Op-Ed

The carbon that's killing India, and how California can help

On a typical day, the Indian capital has the worst air quality of any city in the world

This week, President Obama is the chief guest of Prime Minister Narendra Modi at India's Republic Day celebrations. At the close of the historic visit, the two leaders are expected to announce cooperation on a suite of climate and clean energy measures, with the ultimate goal of reining in India's rapidly rising carbon dioxide emissions.

But during his visit, the president, just like New Delhi's 25 million residents, will be exposed to another kind of dangerous carbon pollution: black carbon.

Black carbon is scientists' term for ultra-fine particles produced by incomplete combustion. It's the stuff that makes soot dark, an unwanted byproduct of burning diesel fuel in vehicles, biomass in stoves for cooking and heating, coal in small industrial operations and agricultural waste in post-harvest fields. Humanity sends as much as 17 million metric tons of black carbon each year into the atmosphere, where it traps far more heat per unit mass than carbon dioxide, making it the second-biggest contributor to global warming.

It's also a major constituent of the pollution that is now choking New Delhi. On a typical day, the Indian capital has the worst air quality of any city in the world, according to a recent U.N. report. But the air is particularly bad this time of year, as particles are trapped by cold, dense fog. So there's a good chance the president will have a hard time seeing the celebration through all the haze. On last year's Republic Day, particulate matter under 2.5 microns in diameter, which penetrates deep into human lungs, spiked to 15 times the level deemed safe by the U.S. Environmental Protection Agency.

In addition to pursuing a strong bilateral agreement to start ramping down carbon dioxide emissions, the U.S. should pursue an equally ambitious partnership to help purge India's skies and lungs of black carbon. Although we're all at risk from this pollution to varying degrees, India is perhaps the country most vulnerable to black carbon's effects.

By absorbing sunlight and turning it to heat, black carbon melts the Himalayan glaciers and snowfields that hundreds of millions of Indians depend on for irrigation and drinking water. It disrupts the South Asian monsoon, which is so important to the region's agriculture that one former finance minister called it India's “real finance minister.” It is a major ingredient of the household air pollution from burning wood and dung for cooking that kills more than 1 million Indians each year. Meanwhile, black carbon and other fine particles in outdoor air pollution kill more than 620,000 Indians annually, and cause $18 billion in economic losses from damage to agriculture and health.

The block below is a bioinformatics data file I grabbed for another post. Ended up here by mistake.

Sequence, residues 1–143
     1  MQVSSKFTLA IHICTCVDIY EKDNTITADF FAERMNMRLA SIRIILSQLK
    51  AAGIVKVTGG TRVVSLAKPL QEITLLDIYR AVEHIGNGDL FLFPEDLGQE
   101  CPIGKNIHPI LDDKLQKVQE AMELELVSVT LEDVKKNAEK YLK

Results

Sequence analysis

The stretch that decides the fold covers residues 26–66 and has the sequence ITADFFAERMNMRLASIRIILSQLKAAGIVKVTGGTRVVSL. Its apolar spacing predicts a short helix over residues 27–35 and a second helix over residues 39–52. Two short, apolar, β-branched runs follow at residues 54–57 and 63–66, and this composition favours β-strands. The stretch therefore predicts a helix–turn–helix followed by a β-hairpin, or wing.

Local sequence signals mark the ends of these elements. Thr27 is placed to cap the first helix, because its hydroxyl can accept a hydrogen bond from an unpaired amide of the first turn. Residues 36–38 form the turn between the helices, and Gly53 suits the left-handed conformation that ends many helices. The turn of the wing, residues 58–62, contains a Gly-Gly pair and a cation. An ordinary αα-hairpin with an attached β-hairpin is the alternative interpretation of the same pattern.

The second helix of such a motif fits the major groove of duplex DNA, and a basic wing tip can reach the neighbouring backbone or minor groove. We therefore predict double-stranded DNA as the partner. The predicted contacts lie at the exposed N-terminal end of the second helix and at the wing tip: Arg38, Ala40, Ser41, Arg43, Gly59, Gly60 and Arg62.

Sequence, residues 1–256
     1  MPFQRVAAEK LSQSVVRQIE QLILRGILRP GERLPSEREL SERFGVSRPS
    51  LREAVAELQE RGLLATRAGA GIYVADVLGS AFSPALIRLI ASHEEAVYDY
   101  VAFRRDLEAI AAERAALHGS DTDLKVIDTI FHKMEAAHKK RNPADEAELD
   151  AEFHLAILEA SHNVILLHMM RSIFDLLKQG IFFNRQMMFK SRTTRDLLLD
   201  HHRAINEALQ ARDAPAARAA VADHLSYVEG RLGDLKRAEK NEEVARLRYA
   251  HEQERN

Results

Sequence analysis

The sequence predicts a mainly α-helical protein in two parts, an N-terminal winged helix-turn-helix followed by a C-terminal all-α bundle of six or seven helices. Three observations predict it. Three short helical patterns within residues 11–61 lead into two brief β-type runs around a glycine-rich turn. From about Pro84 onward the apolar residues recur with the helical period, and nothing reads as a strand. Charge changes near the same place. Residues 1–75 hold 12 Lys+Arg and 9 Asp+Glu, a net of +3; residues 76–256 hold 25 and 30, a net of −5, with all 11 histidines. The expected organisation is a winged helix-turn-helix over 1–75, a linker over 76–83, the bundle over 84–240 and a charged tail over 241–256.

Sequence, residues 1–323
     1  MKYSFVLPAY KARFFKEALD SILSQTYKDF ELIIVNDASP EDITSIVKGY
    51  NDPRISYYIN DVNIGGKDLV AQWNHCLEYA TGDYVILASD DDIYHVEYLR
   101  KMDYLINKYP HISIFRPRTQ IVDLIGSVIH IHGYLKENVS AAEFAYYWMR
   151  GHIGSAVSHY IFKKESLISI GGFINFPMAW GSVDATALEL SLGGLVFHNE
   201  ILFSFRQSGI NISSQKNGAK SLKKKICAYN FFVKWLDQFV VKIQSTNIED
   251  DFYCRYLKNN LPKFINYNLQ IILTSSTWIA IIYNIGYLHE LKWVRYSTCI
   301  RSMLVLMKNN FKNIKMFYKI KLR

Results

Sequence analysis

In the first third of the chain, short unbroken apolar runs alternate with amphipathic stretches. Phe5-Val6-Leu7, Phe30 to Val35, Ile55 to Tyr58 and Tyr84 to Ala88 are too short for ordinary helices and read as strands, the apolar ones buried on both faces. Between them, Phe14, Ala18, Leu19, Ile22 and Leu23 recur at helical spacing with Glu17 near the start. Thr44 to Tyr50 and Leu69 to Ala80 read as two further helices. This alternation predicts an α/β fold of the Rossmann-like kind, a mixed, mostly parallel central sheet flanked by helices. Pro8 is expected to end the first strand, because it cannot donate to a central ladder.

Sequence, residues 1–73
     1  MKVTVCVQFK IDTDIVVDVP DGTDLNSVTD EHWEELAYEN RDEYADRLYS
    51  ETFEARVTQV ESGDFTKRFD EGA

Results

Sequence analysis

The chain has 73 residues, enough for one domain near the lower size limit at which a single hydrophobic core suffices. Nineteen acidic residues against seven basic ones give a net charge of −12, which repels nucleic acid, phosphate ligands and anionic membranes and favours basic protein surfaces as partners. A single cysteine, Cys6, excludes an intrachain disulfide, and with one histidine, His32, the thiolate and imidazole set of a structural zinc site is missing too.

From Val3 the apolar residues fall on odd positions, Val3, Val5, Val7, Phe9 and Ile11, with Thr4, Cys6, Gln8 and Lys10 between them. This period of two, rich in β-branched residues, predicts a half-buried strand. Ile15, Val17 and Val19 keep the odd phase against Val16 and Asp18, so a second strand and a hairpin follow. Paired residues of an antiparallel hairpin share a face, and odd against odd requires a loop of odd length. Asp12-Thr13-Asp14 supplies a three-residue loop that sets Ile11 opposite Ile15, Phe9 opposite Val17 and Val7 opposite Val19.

The conventional framing of India's climate options as a zero-sum game — aggressive mitigation action versus expanding economic opportunity — presents a false choice. There's a path ahead that combines enormous economic benefits with rapid reductions of climate-warming pollution. India's dependence on kerosene for lighting, solid fuels for cooking and heating, high-sulfur diesel fuel for transport and inefficient coal combustion for brick making and power generation is killing almost 2 million Indians each year — and robbing many millions more of healthy years of productive life. Tackling these sources of black carbon and carbon dioxide would be a potent boost to its economy.

The U.S. can develop innovative financing mechanisms and share deep technical expertise in developing and deploying cleaner-burning technologies with agencies and research institutions in India. A wider black carbon program could be modeled on the ongoing India-California Air-Pollution Mitigation Program, which seeks to leverage California's experience in dramatically reducing black carbon emissions from diesel transport, to help India shift to more efficient, lower-emissions forms of transport, and to devise tighter new vehicle emissions rules and better enforce existing ones. This approach has cut soot concentrations in California's air by 90% since 1966.

On the docket should be common-sense measures such as accelerating distribution of ultra-low-sulfur fuel throughout India, which would enable the widespread use of black carbon-trapping diesel particulate filters. One study found this switch would create $484 billion in health and fuel savings by 2030. Other targets for acceleration include clean-cooking-stove research and distribution programs, and an all-out effort to eliminate the use of kerosene for lighting. Viable alternatives to kerosene lamps exist, such as solar lanterns and solar micro-grids, but businesses that manufacture and distribute them are starved for funds to scale up.

As California has learned, clean air unlocks economic potential. And reducing black carbon will clear skies and cool the climate almost immediately. If the U.S. has its partner's best interests in mind, it will work with India to accelerate its transition to a development path that is low-carbon in every sense. Then, perhaps on a Republic Day in the near future, celebrants will have a clear view of the vast potential of India's people.

Jonathan Mingle is the author of "Fire and Ice: Soot, Solidarity and Survival on the Roof of the World," to be published in March.

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